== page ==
Ask Confirming Questions


For sales professionals, everywhere.

The skill of asking questions and deeply listening to the answers is a lifelong practice.
BE in it, don’t rush it, and look to learn.
BE willing to not know everything all the time. ask listen 1-15-19
Asking Confirming Questions takes the unknown away.
When a salesperson shows a customer an item that has a price tag on it, and the salesperson says “This is $#”…and the customer nods, it means what? It means that the customer heard the salesperson and that they can read. It doesn’t mean that the price is good for them – that would be an errant assumption. The Confirming Question that accompanies this scenario is “Is that what you were expecting?” of “Does that work for you?” and BE SILENT and STILL and wait for a response.
This one skill, developed from discomfort to mastery, is life changing. Try it. And if you get stuck, keep trying it and call me.
Now, go sell something.
Jody Smiling Photo copy

This Equals That

For Sales Managers, everywhere
I  love Sales Managers, especially selling sales managers. I love that they love to sell and engage with the customer and that they are interested in developing their team members for greater achievement.  managers810
You know that I believe the sketch is the Holy Grail for the salesperson and the customer. Those salespeople who sketch and take notes during the interaction and gather great data that they use in their sales presentation have a higher close ratio, higher average sale, and higher total sales revenue than those who do not sketch. Period. So as a high impact, ‘do this always!’ action, it does not have a parallel or substitute.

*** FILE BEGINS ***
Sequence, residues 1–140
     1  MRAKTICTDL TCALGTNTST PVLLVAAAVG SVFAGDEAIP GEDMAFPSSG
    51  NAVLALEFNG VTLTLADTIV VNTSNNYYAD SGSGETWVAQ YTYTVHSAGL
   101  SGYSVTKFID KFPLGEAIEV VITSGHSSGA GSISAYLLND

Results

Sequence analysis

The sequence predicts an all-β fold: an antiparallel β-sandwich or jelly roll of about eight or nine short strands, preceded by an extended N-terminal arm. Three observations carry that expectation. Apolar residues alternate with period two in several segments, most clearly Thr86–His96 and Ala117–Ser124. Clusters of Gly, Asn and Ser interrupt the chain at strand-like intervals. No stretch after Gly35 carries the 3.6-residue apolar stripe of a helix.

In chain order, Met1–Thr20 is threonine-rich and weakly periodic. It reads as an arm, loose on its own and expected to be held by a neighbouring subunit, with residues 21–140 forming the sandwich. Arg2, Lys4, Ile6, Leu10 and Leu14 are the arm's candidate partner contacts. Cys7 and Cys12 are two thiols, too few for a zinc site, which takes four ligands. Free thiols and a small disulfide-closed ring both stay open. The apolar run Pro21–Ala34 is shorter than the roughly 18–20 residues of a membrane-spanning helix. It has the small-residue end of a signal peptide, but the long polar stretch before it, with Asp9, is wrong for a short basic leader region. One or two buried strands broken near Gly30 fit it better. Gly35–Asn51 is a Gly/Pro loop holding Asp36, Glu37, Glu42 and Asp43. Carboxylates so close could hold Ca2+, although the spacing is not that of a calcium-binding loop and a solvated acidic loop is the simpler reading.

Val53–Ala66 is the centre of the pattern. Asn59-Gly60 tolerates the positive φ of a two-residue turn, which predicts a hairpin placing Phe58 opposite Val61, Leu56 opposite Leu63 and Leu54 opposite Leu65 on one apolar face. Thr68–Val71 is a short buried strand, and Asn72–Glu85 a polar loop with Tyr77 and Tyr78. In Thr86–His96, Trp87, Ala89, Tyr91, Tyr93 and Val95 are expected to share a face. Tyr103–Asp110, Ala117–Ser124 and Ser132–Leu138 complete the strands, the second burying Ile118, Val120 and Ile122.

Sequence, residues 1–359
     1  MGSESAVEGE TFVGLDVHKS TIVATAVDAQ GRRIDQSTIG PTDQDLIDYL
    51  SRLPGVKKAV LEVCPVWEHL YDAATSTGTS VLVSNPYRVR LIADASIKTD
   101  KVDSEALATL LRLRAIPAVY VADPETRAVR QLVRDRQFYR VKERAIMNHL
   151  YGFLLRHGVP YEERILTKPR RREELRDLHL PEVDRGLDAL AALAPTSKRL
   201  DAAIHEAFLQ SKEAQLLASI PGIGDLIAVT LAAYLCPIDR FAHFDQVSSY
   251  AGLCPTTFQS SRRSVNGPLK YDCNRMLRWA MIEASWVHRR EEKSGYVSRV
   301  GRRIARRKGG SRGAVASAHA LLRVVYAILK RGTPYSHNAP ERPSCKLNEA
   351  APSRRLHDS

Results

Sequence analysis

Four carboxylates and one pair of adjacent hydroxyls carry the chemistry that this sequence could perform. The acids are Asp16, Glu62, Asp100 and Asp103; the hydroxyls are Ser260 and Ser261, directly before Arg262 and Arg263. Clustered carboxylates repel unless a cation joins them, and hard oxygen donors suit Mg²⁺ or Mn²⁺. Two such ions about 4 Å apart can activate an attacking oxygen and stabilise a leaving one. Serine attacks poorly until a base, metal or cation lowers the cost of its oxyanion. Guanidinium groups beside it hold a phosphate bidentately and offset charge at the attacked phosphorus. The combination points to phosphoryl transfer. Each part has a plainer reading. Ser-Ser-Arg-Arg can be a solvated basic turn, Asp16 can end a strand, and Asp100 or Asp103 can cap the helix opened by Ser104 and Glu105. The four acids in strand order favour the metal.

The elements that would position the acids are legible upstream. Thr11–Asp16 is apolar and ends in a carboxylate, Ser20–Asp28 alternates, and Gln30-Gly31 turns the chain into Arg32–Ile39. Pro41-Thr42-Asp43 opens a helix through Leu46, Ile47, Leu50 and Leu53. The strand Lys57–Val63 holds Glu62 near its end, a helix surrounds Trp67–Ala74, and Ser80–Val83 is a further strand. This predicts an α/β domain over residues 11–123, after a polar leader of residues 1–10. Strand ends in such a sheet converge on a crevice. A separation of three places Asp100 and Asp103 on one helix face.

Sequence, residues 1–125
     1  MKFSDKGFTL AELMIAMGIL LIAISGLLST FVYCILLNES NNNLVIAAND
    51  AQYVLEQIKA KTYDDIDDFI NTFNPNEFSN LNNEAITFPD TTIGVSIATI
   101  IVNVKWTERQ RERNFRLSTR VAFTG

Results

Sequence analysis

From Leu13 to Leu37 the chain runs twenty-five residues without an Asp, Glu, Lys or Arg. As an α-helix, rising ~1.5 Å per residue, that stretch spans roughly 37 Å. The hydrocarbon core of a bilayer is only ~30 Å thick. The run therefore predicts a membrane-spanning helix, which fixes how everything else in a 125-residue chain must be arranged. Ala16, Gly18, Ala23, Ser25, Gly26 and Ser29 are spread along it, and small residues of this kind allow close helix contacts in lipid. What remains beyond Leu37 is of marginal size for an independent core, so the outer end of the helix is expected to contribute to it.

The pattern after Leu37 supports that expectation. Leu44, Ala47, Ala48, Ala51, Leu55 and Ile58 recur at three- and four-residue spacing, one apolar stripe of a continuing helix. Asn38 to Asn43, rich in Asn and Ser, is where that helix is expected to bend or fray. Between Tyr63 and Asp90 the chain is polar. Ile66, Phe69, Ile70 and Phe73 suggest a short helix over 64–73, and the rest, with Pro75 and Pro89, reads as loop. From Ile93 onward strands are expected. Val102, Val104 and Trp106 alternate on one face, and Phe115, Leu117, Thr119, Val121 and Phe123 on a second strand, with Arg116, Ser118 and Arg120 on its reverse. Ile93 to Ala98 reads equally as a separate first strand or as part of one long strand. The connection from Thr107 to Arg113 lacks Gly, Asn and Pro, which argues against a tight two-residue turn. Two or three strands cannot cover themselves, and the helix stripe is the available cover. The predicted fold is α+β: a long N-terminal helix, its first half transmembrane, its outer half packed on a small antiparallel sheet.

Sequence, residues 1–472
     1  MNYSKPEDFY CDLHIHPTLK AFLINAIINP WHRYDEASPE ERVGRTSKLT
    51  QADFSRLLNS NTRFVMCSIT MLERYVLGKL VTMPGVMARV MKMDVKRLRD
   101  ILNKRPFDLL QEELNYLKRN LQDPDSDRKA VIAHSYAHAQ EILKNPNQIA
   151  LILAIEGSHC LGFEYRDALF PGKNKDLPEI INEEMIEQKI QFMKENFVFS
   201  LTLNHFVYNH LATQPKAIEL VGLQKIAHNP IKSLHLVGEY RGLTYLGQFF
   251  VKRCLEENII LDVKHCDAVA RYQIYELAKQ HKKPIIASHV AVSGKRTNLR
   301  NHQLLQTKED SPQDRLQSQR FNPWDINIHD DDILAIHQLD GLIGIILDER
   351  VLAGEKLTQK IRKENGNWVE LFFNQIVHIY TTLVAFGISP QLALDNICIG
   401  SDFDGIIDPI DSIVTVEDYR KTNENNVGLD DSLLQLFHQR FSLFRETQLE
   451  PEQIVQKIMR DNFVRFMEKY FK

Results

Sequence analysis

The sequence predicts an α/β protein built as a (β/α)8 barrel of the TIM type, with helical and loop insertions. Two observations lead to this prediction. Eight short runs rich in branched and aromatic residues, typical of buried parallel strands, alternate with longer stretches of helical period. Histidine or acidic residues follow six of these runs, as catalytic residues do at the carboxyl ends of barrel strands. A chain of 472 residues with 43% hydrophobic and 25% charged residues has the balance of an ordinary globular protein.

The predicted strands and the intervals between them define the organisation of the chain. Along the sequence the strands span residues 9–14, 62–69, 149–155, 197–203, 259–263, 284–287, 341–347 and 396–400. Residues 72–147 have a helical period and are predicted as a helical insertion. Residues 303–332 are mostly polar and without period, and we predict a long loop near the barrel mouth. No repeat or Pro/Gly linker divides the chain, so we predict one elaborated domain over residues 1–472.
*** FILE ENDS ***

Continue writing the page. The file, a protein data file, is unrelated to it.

For sales managers, there is an equivalent: Interrupting the sales interaction to help the salesperson to CLOSE this customer. Those sales managers who understand that their job is to help their sales team members to close more opportunities do this consistently while on the floor. Interrupting/inserting into the interaction to help to close is the equivalent for the sales manager to what the sketch is for the salesperson. No kidding.
If it is not part of what you do now, start doing it.
I spoke of this in an earlier blog…Tim, the Sales Manager at The Amish Craftsman in Houston is a master at this. He introduces himself at the first interaction with everyone on the floor, then swings back around about 30 minutes later to check on selection, to ask if they are using financing for this purchase, and to double check that they are purchasing accident protection.
The result: Close ratio: 50%. Execution: Mastery.
Start practicing this and if you need help, call me.
Now, go help your salespeople to sell something.
Jody Smiling Photo copy